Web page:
Much of the battlefield between the Federal Government and the Opposition has raged over apprenticeships, with Labor making the point that the number of apprentices in-training is at its lowest level since 2001. In its election policy, Labor states its intention to ensure ‘a proportion of the jobs on major federally funded-projects are delivered as apprenticeships, initially creating 2,600 new apprenticeship places for young workers’. In contrast the Government focused its 2016 Budget funding on employer incentives and Trade Support Loans.
Probably the most significant announcement on National TAFE Day was from the Greens in relation to the relative costs of a student being educated at a private vocational college compared to TAFE. In analysing the federal Department of Education and Training’s funding figures and the number of vocational graduates in 2014, the Greens announced that “taxpayers forked out $73,200 per graduate from private colleges on average, but only $10, 500 per graduate in TAFE courses” (SMH, 17 June) The cost is on average seven times more in a private vocational college.
As we run up to the Federal elections, there has been more policy activity around vocational education and training than is usually the case. Even minor parties such as the Glenn Lazarus Team, have stated their support for TAFE and the need to ‘stop the cuts’. It has taken a crisis in the VET sector to get here, but many in the community would think that even stronger action is needed to turn this problem around. On National TAFE Day, the TAFE Community Alliance called on the political parties to:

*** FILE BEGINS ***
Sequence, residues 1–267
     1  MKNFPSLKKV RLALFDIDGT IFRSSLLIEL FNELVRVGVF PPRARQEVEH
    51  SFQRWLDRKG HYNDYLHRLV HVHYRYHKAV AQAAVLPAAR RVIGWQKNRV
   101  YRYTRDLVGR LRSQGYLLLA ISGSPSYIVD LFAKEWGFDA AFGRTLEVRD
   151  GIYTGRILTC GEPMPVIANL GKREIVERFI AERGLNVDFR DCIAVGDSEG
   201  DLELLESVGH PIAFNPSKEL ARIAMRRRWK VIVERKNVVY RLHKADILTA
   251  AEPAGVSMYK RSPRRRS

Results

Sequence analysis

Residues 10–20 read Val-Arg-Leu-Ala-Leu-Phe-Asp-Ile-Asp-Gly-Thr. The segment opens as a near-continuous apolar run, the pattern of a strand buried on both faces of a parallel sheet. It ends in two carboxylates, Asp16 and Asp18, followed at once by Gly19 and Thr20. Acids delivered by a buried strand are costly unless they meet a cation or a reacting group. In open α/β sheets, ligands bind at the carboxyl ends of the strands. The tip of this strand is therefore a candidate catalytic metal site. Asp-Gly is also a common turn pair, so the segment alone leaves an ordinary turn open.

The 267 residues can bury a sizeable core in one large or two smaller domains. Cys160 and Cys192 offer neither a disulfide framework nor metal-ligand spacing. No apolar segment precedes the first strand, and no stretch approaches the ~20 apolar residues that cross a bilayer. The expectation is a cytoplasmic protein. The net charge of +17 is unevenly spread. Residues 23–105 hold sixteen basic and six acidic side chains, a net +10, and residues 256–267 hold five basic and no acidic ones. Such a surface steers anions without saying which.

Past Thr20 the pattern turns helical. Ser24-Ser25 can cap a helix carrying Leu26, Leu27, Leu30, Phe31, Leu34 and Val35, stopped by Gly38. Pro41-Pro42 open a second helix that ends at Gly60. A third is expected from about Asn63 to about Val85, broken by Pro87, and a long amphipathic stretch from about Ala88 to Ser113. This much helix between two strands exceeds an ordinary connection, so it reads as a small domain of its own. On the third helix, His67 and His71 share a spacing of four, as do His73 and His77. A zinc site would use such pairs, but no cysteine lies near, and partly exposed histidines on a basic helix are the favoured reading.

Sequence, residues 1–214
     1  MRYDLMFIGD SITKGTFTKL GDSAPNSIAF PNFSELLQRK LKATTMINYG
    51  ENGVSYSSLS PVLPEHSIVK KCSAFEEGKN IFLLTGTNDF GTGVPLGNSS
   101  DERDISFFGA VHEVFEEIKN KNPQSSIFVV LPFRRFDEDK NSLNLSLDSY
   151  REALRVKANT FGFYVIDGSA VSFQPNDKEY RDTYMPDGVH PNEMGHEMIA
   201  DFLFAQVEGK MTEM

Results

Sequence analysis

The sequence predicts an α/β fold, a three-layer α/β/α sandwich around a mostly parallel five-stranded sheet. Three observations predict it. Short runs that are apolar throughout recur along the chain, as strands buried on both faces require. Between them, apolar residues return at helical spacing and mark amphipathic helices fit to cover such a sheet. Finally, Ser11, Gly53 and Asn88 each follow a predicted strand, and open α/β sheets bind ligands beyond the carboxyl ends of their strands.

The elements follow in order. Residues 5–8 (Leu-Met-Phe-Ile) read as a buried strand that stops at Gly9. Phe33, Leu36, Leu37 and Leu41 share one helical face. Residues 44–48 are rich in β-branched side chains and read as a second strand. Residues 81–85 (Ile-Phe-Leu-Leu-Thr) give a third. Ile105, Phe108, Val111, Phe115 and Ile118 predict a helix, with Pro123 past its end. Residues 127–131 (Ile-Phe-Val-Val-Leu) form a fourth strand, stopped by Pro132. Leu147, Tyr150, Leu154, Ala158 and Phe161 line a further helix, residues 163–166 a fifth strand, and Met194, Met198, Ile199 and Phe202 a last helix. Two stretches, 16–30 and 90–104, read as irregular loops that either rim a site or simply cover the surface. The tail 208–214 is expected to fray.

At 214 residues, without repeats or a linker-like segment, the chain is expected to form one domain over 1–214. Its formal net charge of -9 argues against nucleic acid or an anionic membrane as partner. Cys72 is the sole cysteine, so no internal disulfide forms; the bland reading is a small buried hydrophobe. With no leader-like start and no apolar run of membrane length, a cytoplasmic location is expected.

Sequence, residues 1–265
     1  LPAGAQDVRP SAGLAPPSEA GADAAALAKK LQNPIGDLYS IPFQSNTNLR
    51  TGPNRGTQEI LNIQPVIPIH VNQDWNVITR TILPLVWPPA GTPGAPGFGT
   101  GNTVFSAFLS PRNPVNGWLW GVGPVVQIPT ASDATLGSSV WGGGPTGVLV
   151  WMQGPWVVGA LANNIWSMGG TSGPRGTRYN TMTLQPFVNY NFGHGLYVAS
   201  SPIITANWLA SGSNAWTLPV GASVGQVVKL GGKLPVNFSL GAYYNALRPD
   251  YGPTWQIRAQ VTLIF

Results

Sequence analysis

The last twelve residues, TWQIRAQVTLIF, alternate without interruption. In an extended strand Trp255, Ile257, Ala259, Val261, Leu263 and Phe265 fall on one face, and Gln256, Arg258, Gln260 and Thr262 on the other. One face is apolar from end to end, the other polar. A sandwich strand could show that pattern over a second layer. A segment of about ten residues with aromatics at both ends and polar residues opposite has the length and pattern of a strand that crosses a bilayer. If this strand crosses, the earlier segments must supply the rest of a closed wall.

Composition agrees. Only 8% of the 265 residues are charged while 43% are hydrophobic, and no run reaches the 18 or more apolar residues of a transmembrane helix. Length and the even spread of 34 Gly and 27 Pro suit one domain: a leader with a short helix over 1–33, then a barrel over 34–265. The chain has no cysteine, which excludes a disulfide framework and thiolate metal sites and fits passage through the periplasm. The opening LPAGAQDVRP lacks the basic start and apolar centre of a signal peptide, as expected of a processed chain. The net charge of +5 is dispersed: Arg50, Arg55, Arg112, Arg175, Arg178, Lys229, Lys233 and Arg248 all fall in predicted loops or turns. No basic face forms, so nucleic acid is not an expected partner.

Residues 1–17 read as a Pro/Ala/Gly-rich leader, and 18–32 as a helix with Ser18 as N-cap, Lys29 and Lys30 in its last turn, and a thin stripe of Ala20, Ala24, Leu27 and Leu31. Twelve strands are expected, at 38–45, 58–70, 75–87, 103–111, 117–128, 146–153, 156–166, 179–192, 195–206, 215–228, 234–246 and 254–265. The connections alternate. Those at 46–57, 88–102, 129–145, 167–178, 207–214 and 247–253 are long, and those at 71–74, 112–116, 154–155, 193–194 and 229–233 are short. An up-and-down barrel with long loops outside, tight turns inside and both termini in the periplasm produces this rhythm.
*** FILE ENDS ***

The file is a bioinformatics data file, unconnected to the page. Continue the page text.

- abandon the current failed VET market funding models and commit to funding the direct and indirect costs of TAFE as the public VET provider;
- place a cap on student fees and charges for any VET providers who want access to public funds; and
- institute a performance audit by the Australian National Audit Office into Commonwealth expenditure in VET, especially in relation to its policy effectiveness, administrative efficiency and whether it has delivered value for money to the Australian taxpayer.
Linda Simon, currently teaching in adult education at Charles Sturt University. She is National Convenor for Women in Adult and Vocational Education (WAVE), a member of the Executive of AVETRA and an organiser of the TAFE Community Alliance. She is a former TAFE teacher, Federal TAFE President of the Australian Education Union and Secretary of the NSW TAFE Teachers Association.